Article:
The seating plan is one of the more difficult tasks the bride and groom faces leading up to the wedding. Who to put where and the inevitable question – with whom?

Unassigned Seating Plan

If you are wondering whether a seating plan is completely necessary, then here are some things to consider when contemplating a “choose your seat” scenario:

  • There may be a rush (and possibly upset) as people rush to get the “good seats” or the seats closest to the bride and groom.
  • The time taken to get everyone seated will be much longer as people naturally want the best seats or are indecisive resulting in time wasted choosing where to sit.
  • Couples / Families (with children) invited to the wedding naturally would like to stay together. If seats haven’t been allocated appropriately, there could be difficulty in finding seating for couples.
  • Elderly couples may land up seated in an area which is inappropriate for them – from both an access point as well as from a view / hearing point.
  • Physically challenged people could land up at a table that is not comfortable for them or makes their life more difficult in moving around.

If you are adamant on not setting up a seating plan, the best idea is to have extra chairs and tables (optional) available just in case.

The Assigned Seating Plan

So, you’ve now decided you want to choose where all your guests sit. Now, comes the tricky part.

Here are some easy steps to follow when wanting to start your seating plan:

  • Confirm all the guests who will be attending the wedding. You need to be 100% sure of the numbers to ensure the assignment / allocation of people per table is correct.
  • Put together a list of people (using MSExcel can be very useful!). Make sure to list couples together as well as parents and their children together.
  • If you are planning on having a bridal table, start planning who sits at this table first. Typically, it would be the bride, groom, bridesmaids, matron of honour, groomsmen, father of the bride and groom and mother of the bride and groom. Make sure that if the groomsmen / bridesmaid’s partners are attending the wedding, that they are seated close to the bridal table.
  • Start with your family members – parents, siblings, god parents, etc. Decide who will be sitting at “family tables” and allocate them accordingly.
  • Ask your wedding venue / wedding planner to put a diagram together on how the tables and seats will be arranged. Make sure to include where the DJ, speakers, buffet tables, dance floor, wedding cake, microphone, etc will be placed.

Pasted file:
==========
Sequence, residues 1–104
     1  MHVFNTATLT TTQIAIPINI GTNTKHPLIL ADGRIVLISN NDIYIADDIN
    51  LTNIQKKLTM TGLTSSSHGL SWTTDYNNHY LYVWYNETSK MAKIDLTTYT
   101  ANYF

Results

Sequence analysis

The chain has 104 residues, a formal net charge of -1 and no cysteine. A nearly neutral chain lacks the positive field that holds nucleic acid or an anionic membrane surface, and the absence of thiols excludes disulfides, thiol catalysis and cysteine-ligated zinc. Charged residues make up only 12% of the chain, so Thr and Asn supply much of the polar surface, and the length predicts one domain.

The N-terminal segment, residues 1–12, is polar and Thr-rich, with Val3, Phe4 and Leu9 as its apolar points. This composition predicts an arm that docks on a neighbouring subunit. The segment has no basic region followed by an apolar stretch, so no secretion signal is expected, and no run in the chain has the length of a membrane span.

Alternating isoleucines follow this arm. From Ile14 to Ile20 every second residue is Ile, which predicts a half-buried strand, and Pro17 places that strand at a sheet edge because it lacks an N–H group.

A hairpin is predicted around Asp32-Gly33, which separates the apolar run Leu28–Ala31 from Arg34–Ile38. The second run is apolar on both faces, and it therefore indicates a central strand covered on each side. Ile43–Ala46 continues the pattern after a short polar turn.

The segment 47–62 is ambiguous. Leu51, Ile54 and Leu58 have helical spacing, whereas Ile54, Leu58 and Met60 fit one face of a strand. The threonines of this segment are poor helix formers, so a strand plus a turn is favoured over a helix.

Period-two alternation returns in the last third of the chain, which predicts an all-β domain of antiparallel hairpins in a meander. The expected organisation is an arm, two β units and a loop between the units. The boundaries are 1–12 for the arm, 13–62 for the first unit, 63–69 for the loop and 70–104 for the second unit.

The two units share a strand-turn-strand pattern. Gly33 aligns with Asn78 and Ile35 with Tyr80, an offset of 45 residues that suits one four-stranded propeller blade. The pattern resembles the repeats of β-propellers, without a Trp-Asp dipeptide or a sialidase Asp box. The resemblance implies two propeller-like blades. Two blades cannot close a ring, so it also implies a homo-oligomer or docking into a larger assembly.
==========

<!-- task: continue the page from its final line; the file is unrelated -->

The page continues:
• Make sure you are aware of the type of tables and the number of seats available at each table e.g. round tables sitting 8, rectangle tables seating 10, etc
  • Once you have the diagram finalised and the tables / seats available, number the tables in a logical order – 1 being closed to the door or 1 being closest to the bridal table. These need to be logical to ensure that when guests arrive at the reception, when viewing the seating plan board, it’s easy and logical to identify their table.
  • Assign people to the various tables. To save time, list the names for the table opposed to listing the table number PLUS where the guest must sit i.e. who sits next to whom. This then allows the guest slightly more freedom on where he / she sits at the table.
  • Remember to keep a table for your wedding service providers such as your photographer, minister / officiant, wedding planner, videographer, etc – they need someone to sit and eat as well – this does NOT have to be among your guests and is often setup either to the back of the reception or in a separate section / room at the venue.
  • If you haven’t had responses from some guests when doing your seating plan or there’s a possibility a few guests may be able to come after declining originally, make sure to have an extra table – just in case.
  • Ask your invitation / stationary company about setting up a seating plan sign to be used at the entrance to the reception area. Try using your incorporating your theme in the setup of the sign.
  • Make sure to create name tags / place cards – on paper, rocks or little ornaments, but make sure they can easily been seen and read to avoid confusion. If you have people with the same names attending the wedding, consider including their surname or the first letter of their surname on the name tag.

Photo Credit: